New here. Questions about breeder etc - Page 1

Pedigree Database


by StevieLee on 10 May 2020 - 20:05

I’ll be receiving a puppy and the end of June and given it’s the first puppy I am purchasing I have a few questions hopefully some if you can help me with.

Upon contacting the breeder he forwarded me a link of the male and female which brought me to this website. All of the numbers etc really don’t make that much sense to me so I’m wondering if someone can briefly explain watch I should be looking for when I am looking up the male and female of which my puppy is from.

I’ll be giving the reader a deposit later this week and should there be any questions I should ask him in particular?

by Nans gsd on 10 May 2020 - 21:05

Ask for health checks. Can you post pedigree of the puppy, if not you want to see paperwork and pedigree along with any other papers on puppy. Is he/she SV, AKC, OR othewise. How did you choose this breeder, etc. Good luck. all this should be settled prior to sending deposit as most of the deposits given are NON refundable.  


Are you able to see sire/dam and chose your puppy.  Also need to see how and where puppies are raised in their environment.  What training have parents had as well as the puppy training.  These are just a few of the things you need to find out.


by Hundmutter on 11 May 2020 - 05:05

Hi, & welcome to PDB.

Re the Health Tests - don't just take the word of the seller these have been done, ask to see the paperwork that proves the results ! A genuine experienced breeder won't mind you asking and will be willing to show you, in fact will be pleased you are taking so much interest. Be prepared, too, to be asked a lot of questions about yourself and the home you will be providing; good breeders care what happens to their puppies. And if you are really worried about something you see or hear, steel yourself to be prepared to say No, and walk away. Every puppy bought against a buyers gut reaction makes room for the puppy miller to breed another one badly. Never buy a pup without seeing it with its mother (even if only on a video link).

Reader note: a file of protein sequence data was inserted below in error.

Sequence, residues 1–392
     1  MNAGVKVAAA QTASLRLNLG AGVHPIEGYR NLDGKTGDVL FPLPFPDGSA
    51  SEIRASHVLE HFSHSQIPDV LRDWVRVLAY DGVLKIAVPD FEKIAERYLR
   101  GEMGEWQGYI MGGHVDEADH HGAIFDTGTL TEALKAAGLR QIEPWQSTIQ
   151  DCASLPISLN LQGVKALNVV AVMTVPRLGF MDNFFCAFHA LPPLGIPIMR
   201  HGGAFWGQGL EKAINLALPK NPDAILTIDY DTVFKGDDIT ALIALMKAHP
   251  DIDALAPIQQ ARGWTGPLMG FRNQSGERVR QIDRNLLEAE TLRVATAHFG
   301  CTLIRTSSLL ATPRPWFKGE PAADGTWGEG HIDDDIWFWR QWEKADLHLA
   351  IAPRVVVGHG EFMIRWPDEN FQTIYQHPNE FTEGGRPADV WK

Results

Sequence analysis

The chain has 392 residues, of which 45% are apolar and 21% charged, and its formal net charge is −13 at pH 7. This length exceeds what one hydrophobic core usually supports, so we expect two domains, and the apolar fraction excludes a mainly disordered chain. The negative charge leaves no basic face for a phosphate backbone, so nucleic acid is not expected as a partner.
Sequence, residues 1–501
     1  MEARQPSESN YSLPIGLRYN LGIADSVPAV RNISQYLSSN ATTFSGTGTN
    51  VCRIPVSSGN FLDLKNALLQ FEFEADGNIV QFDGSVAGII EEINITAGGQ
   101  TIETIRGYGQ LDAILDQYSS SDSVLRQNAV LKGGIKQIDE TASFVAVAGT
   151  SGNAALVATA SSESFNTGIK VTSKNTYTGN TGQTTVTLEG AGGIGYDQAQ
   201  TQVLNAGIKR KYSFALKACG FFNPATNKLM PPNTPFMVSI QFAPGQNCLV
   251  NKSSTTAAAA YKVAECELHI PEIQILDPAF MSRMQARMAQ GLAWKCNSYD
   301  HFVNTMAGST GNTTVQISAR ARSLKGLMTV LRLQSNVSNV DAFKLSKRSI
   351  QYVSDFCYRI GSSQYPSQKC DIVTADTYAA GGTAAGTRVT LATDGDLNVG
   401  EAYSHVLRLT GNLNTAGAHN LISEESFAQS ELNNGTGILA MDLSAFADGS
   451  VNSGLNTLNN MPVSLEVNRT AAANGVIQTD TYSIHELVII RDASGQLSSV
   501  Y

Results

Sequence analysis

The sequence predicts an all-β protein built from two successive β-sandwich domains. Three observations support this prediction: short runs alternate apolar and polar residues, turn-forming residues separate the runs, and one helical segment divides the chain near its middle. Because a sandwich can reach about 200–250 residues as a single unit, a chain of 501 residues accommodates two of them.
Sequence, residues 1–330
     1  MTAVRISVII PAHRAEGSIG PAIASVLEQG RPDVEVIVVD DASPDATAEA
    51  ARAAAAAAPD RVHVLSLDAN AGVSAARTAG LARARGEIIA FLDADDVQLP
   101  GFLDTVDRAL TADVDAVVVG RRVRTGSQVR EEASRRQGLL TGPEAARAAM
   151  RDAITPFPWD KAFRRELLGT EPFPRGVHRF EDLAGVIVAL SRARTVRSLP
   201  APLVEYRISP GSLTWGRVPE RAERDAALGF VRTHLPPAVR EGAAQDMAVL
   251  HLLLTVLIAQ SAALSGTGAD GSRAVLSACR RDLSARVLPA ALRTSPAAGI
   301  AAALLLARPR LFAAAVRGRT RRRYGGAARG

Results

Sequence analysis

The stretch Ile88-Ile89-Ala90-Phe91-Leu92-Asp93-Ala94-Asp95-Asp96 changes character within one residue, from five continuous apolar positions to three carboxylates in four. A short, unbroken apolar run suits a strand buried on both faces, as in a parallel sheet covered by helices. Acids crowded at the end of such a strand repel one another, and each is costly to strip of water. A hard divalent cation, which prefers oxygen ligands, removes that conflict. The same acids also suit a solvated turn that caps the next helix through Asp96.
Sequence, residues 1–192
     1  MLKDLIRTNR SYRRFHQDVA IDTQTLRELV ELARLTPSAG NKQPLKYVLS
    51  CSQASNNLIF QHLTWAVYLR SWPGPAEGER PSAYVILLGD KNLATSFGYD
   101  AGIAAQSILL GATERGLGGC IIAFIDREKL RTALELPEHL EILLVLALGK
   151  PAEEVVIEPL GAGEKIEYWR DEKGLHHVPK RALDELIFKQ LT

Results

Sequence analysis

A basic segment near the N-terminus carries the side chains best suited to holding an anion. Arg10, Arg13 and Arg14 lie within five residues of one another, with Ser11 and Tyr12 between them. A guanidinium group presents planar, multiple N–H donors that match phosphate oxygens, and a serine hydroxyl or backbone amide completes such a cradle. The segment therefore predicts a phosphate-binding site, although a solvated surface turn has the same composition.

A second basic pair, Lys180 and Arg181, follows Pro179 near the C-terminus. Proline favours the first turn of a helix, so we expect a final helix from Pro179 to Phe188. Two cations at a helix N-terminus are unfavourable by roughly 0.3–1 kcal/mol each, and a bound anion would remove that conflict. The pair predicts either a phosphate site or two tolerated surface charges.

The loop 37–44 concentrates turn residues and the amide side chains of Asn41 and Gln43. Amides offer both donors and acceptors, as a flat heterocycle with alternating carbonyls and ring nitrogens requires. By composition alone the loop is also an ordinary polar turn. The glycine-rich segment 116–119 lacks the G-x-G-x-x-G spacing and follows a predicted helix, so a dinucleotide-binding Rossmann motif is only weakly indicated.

On page 2 of this list of recent topics, there is a post "Pedigree Traits". If you call that thred up and read through it, you can learn what the letters and numbers etc in the pedigree stand for.


by srfwheat on 13 May 2020 - 11:05

Hand mutter and Nans are spot on with the answers to your questions. Ethical Breeders really are pleased to show you health testing reports, pedigrees, DNA results (on both parents), etc. I’d be wary of a Breeder that doesn’t show you the mother or at least videos of the puppies with the mother. Beware of Breeders who when you ask to see the mother tell you the mother was recently shipped “overseas“ in order to do police or K9 work (so soon - really?). The sire could be onsite to view or be an outside stud but ask to see pictures or videos of him. Also, the sire could possibly be overseas (frozen semen) or the dam could have been impregnated overseas and shipped to your country. So unless the puppy itself is an import, be wary. There are Breeders that buy up cheap 200 or 300 dollar litters from people, register them as their own and then sell them for higher prices ranging from 1500 to 2000 dollars. My wish is that in America AKC could pop in unannounced with DNA test in hand and shut down these unethical Breeders. Good luck to you. 

by GSCat on 17 May 2020 - 01:05

When you get to the breeder's facility, look, listen and SMELL. It shouldn't smell bad, as in dog poop not cleaned up and/or neglected/sick dogs. If the breeder's in a rural area, there may be farm smells (no problem). All dogs on the premises should be in good health, clean, and not smell bad. Allow for playing in the mud ;-)

Ask to see a copy of the vet records for the puppies. When you pick up your puppy, the breeder should give you a copy (some actually give the original), at least of the shots and worming(s).  Male sure you get the name, phone number, and address of your breeder's vet.  If your breeder has the puppies microchipped, you'll also need the information for your puppy's chip.